and Gelman adds
As the saying goes, +1. The news media are what gets us hearing about these studies (and indeed I’m contributing to it now), but the tabloid science journals such as PNAS provide incentives for researchers to engage in hype so as to get their papers published, and of course once a paper is published, with whatever errors it happens to contain, researchers have an understandable tendency to hang tough and not acknowledge problems with their claims.
The real question is what to do.  Eli had one suggestion a long time ago, any grant renewal had to attach press releases issued by the University about the research and the project should be evaluated on the basis not only of the scientific impact but the public impact.

Eli now has another.  Call it public shaming.  Write to the Communications Officer listed as contact on the press release.  Remark about how they have dragged their university's name into the mud.  Point to some of the substantive refutations and maybe explain a bit about why they are substantive.


Dano said...

The issue of press releases being partially written as puffery for the department/uni is one of the major concerns in making scientific information usable, useful and actionable. Increasing pressure for revenue and rich alums may be signs of a market failure.

That is: who communicates findings to the publics and policy-makers? And how is it communicated?

We aren't close to figuring this out, IMHO.



J Bowers said...

Dano -- "Increasing pressure for revenue and rich alums may be signs of a market failure."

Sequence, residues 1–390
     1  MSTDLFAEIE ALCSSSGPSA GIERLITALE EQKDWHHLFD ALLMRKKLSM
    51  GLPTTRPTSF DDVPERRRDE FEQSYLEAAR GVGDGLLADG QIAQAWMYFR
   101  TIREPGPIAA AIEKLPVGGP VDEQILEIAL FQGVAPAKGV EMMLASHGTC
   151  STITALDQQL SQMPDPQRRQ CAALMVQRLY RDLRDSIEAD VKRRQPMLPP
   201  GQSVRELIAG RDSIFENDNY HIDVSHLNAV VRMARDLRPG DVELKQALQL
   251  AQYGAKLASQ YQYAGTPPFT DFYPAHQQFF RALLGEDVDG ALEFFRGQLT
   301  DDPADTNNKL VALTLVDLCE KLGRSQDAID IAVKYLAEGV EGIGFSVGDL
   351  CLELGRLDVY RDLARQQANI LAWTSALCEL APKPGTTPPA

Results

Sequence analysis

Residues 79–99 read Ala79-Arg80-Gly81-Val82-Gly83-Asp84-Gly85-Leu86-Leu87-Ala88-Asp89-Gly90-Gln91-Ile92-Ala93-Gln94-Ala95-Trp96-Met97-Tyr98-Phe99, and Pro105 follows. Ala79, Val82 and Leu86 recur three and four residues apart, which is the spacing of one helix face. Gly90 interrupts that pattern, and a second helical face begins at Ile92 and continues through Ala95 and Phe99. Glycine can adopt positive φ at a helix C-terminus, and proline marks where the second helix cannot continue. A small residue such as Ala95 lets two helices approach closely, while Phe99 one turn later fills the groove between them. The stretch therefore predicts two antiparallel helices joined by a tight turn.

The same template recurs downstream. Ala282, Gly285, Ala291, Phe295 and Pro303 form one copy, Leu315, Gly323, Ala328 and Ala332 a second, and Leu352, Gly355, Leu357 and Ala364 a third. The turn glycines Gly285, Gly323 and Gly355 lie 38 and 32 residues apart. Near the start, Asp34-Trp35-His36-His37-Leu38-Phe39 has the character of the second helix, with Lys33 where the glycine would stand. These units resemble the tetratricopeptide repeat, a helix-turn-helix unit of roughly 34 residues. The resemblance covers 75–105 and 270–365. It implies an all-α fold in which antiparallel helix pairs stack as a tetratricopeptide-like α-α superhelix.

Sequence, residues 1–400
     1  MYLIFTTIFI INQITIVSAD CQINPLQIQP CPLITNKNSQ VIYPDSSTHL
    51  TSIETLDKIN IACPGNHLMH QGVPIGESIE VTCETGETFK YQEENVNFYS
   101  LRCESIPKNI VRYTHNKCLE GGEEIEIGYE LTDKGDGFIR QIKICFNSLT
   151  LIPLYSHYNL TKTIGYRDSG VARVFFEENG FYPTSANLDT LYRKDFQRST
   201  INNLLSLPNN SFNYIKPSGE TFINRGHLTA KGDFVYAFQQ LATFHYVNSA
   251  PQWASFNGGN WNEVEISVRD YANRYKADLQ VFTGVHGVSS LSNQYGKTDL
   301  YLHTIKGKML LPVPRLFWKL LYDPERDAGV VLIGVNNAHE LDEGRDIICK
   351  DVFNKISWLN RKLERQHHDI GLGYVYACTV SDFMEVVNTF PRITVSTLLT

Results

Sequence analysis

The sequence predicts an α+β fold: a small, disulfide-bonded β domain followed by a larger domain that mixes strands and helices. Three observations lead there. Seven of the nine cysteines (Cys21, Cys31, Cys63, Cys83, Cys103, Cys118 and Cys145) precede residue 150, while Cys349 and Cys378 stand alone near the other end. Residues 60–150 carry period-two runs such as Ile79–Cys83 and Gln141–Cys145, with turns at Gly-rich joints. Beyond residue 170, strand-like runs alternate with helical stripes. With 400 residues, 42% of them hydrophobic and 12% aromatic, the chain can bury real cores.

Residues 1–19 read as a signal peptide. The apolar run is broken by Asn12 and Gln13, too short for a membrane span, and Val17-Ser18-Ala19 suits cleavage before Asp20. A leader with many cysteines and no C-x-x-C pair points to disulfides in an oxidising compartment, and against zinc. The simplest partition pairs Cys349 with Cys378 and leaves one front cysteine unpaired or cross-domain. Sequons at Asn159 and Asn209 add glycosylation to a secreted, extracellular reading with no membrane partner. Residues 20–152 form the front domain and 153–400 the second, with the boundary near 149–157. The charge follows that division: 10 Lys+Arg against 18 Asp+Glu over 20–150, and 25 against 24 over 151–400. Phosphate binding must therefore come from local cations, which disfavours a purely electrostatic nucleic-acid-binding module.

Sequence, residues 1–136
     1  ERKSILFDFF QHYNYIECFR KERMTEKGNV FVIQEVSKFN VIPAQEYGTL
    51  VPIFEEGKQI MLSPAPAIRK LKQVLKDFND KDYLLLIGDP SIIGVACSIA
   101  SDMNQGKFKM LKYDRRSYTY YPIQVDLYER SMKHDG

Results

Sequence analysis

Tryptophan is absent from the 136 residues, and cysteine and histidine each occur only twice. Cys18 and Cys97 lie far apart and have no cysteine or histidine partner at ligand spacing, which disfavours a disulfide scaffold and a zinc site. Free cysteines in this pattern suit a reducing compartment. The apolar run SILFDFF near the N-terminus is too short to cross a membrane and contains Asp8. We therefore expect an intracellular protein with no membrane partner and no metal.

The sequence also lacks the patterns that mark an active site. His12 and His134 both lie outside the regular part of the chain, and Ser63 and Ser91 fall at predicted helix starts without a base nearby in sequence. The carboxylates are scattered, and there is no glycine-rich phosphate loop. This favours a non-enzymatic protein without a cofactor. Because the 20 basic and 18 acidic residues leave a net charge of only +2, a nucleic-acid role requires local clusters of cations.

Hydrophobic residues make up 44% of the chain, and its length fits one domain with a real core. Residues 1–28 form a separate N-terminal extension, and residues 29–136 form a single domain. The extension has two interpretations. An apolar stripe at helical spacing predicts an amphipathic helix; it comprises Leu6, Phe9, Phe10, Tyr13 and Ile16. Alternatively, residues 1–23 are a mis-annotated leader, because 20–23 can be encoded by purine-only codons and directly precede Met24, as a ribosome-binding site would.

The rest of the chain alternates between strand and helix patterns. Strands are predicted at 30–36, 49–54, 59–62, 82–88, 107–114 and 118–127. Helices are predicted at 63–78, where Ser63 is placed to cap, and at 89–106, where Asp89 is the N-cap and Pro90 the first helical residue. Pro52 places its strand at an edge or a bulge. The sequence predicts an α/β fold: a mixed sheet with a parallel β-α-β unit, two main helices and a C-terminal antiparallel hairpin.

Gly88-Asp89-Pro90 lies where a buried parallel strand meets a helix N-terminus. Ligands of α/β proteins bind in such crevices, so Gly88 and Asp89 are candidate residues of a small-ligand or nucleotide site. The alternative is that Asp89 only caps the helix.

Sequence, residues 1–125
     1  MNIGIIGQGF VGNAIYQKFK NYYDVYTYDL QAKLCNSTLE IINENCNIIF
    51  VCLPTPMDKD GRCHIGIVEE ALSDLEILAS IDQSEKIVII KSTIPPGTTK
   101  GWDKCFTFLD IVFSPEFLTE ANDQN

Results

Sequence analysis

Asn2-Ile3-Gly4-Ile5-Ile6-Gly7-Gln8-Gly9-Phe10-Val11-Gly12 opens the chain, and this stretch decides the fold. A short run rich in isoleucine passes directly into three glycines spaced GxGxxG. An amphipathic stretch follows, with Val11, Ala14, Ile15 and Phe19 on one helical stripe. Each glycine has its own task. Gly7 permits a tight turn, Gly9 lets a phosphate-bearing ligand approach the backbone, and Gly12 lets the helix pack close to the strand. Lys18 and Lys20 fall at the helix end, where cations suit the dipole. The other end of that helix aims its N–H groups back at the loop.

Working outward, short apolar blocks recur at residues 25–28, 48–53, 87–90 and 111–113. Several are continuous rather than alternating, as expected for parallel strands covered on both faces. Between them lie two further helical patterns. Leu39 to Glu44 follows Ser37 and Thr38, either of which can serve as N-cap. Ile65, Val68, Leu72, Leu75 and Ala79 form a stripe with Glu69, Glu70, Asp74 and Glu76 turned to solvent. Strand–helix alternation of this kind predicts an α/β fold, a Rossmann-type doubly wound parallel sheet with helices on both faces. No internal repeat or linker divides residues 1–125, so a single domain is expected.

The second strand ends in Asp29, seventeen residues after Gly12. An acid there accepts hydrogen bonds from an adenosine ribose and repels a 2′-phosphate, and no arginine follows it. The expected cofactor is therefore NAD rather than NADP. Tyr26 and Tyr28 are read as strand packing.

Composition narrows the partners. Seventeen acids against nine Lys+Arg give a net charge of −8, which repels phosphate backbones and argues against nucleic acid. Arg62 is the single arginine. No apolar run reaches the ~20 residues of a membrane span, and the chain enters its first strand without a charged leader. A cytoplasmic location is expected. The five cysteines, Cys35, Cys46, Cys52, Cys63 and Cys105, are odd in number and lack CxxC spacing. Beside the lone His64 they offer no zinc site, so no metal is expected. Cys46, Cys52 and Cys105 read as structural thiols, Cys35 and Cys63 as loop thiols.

We have a new saying here in Blighty: Making universities more like the commercial sector is turning first rate academic institutions into third rate companies.

Press releases in a commercial context are just a marketing tool.

Hank Roberts said...

U. Illinois Press Release:

"... this research is the first to demonstrate that gender stereotypes can have deadly consequences."

These press release writers are not just assholes, they're ignoramuses.

Bernard J. said...

The story was given wide coverage in Australia - one example here:

It seems that it's not just press offices piling on the bandwagon - authors and their colleagues are happily taking the reins.

I haven't read much of the commentary on this myself, but perhaps someone could answer a question that has been niggling since I heard the story - how soon before a low reaches its maximum intensity is it actually named?

Anonymous said...

Increasing pressure for revenue and rich alums may be signs of a market failure."

No, those are sure signs of market success, at least in the US, where junk is the national product and marketing of junk the national pastime.

Anonymous said...

"[next] time, the announcements should be made after submission to journals and vetting by expert referees. If there must be a press conference, hopefully the scientific community and the media will demand that it is accompanied by a complete set of documents, including details of the systematic analysis and sufficient data to enable objective verification." --

"Big Bang blunder bursts the multiverse bubble"

Premature hype over gravitational waves highlights gaping holes in models for the origins and evolution of the Universe, argues Paul Steinhardt.

Anonymous said...

Male hurricanes are less deadline because they won't stop for directions when they get lost.


Hank Roberts said...